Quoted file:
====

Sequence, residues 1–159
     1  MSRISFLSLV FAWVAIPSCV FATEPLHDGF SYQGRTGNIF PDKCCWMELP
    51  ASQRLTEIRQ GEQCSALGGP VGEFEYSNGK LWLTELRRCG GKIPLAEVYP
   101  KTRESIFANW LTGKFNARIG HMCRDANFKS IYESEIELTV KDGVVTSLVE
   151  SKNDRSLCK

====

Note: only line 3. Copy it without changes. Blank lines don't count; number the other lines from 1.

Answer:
    51  ASQRLTEIRQ GEQCSALGGP VGEFEYSNGK LWLTELRRCG GKIPLAEVYP